The racial bias that existed for decades proclaiming that black players were not fit to play the position of quarterback is long gone.  In fact four of the NFL's most impressive signal-callers – Russell Wilson, Robert Griffin III, Colin Kaepernick, and Cam Newton – are black. While RGIII was the second quarterback taken in the 2012 NFL Draft, the first quarterback taken in 2013, was Florida State's E.J. Manuel, who is also black. The proliferation of the spread-option attack and the NFL’s current trend toward more athletic quarterbacks has helped open the game to more black quarterbacks, and Kaepernick, Wilson, and Griffin, who all took their teams to the playoffs last year, have demolished whatever remained of the absurd notion that black quarterbacks can’t win.

Heading into the 2013 college football season, there is a black quarterback on almost every major roster in the country.  To provide a glimpse, here are five of the best that should be on everyone's radar to watch come Saturday's this fall.

Braxton Miller (Ohio State). Quick, which starting quarterback has the longest active winning streak in the country? B. Miller. Under his direction the Buckeyes went unblemished with a 12-0 record last year and have a chance to add 14 more consecutive victories this season if Miller continues his improvement in Urban Meyer's spread offense. The dual-threat junior has nearly 5,300 yards total offense in two seasons, with plenty more to come this year.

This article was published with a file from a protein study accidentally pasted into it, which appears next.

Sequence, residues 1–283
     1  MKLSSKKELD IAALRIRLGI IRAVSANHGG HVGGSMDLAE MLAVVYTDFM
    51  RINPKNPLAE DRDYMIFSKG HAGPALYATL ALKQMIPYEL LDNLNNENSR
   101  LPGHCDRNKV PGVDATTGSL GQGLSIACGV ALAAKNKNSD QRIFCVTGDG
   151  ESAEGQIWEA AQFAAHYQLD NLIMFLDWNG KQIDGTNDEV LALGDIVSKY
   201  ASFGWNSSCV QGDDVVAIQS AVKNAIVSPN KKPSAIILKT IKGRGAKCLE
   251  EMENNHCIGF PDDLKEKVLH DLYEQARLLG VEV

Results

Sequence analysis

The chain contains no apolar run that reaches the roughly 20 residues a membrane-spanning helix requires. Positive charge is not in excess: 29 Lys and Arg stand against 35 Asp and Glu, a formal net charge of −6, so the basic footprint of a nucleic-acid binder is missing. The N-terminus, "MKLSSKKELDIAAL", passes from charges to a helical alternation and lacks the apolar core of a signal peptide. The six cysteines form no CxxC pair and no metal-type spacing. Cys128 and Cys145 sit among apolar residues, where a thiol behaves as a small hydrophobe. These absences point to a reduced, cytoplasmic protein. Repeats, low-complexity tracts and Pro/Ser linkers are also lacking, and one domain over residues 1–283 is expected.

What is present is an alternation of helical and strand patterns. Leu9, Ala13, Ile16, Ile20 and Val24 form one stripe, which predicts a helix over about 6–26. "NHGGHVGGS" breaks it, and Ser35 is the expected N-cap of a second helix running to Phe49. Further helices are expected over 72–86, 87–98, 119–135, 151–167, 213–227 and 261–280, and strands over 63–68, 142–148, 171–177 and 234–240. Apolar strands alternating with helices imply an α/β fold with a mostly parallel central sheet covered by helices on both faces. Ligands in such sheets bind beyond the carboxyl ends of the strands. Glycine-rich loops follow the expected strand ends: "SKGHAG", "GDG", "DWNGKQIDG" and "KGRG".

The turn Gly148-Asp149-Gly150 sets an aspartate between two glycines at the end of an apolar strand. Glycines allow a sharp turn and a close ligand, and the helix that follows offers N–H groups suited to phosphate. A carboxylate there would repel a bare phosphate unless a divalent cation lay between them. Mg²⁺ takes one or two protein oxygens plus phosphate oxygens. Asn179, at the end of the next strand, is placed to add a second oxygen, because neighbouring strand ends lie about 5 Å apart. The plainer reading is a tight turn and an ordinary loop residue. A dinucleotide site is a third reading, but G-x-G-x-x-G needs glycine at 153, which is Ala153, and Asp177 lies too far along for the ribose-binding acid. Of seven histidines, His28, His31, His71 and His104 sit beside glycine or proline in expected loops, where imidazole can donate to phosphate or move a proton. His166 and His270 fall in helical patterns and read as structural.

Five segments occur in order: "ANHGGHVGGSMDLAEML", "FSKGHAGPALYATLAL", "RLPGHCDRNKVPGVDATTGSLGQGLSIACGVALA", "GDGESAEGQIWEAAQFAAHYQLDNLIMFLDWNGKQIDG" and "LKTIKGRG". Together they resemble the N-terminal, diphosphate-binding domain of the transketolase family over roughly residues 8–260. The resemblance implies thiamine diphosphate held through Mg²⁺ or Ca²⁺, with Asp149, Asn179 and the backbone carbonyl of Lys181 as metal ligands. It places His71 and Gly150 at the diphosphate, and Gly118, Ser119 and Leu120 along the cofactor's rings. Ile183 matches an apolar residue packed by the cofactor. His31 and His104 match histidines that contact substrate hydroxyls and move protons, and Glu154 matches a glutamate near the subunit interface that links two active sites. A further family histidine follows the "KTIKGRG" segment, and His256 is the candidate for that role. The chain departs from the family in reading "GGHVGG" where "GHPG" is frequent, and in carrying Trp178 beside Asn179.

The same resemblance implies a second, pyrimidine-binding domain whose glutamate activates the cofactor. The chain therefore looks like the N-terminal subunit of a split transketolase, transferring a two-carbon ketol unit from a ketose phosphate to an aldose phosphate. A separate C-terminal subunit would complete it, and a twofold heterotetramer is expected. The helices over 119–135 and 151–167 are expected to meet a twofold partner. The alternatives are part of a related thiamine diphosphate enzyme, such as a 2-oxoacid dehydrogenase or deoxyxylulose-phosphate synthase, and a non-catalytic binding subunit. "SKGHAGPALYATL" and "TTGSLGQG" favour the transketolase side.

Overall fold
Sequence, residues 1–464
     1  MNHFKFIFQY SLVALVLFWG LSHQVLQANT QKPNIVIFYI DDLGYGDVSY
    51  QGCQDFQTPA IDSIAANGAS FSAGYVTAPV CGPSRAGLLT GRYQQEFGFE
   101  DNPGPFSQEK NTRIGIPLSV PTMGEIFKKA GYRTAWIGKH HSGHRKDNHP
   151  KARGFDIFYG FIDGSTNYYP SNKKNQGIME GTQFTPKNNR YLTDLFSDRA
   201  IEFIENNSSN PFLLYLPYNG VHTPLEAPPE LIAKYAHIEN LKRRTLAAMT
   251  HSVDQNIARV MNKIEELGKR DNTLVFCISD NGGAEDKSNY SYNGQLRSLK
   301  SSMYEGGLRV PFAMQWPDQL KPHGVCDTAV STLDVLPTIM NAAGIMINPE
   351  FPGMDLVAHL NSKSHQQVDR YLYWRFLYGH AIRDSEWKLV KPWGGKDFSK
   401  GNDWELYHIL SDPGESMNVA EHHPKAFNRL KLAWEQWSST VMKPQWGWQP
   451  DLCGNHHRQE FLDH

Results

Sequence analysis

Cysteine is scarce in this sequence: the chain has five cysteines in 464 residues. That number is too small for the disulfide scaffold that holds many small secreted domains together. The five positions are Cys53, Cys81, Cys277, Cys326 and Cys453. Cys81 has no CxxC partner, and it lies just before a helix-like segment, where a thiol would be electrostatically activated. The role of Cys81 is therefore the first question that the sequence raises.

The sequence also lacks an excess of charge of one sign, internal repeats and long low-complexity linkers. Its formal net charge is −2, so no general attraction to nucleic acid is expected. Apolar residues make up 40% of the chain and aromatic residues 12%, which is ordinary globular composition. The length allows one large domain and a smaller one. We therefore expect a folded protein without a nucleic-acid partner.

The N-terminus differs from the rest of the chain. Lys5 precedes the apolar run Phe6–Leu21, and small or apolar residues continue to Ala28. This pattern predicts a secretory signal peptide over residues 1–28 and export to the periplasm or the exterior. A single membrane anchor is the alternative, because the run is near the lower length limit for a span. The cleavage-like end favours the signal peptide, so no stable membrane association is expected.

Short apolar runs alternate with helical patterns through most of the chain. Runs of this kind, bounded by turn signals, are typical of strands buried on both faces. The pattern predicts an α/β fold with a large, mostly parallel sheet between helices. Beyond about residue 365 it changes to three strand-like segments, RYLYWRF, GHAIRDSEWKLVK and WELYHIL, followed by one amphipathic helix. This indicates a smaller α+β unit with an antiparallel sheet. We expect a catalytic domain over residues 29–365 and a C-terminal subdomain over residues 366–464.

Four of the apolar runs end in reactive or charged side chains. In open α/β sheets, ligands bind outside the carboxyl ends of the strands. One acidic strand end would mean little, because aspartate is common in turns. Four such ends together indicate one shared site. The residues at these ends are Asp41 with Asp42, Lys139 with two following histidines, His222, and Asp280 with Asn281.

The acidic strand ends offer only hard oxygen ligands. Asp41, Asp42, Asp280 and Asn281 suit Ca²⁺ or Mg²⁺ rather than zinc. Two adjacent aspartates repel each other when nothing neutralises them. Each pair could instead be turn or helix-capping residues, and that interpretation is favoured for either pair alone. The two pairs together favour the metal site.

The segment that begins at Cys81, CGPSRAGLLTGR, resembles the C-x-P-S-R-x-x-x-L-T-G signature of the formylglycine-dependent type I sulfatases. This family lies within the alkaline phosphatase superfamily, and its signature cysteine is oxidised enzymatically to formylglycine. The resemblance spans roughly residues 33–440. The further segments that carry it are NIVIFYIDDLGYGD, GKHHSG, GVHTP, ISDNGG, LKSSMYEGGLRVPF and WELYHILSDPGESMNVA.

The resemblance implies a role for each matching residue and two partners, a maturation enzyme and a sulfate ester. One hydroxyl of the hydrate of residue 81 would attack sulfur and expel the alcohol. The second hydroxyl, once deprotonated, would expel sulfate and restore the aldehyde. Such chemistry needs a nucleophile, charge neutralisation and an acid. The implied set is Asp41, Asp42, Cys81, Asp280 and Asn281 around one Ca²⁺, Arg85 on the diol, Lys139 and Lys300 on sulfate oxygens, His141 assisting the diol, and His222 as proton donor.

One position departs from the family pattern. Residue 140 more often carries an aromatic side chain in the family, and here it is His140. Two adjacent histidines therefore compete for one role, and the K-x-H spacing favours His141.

Teddy Bridgewater (Louisville). By most accounts, Bridgewater is top of the cream of the crop entering the 2014 NFL draft class, as he has all of the qualities teams look for in a pro passer.  Teddy Ballgame has both the tangibles (accuracy, velocity, athletic ability) and the intangibles (great under pressure, physical toughness, leadership ability). With a weak schedule, it may be tough for Bridgewater to make a strong compelling case to content for the Heisman, however an undefeated season and big stats could possibly put him over the top.

Tajh Boyd (Clemson). The top senior QB in the nation, who turned down a shot to play on Sunday's for an opportunity at a national championship and a chance to increase his draft stock.  Boyd's downfield passing ability is arguably the best in college football.  He and the Tigers get Georgia and ACC rival Florida State in Death Valley, providing him with a platform to produce a body of work heading into November that could make him a Heisman front-runner.

Devin Gardner (Michigan). The Denard Robinson Era is finally over, and now the keys to the car belong to the 6'4 dual-threat who has world-class ability and potential.  This was the primary reason the Wolverines began transitioning to Gardner last season and will hand him complete control of a more versatile and balanced offense this season. 

Brett Hundley (UCLA). One of the biggest surprises last season, emerging as a redshirt freshman to throw for more than 300 yards in three of his first four games – including a big upset of Nebraska. By season's end Hundley had thrown for 3,740 yards and 29 touchdowns, leading the Bruins to their most victories in seven seasons. Expect the workload and expectations to increase heading into this season as he will not be able to sneak up on any opposing teams this time around.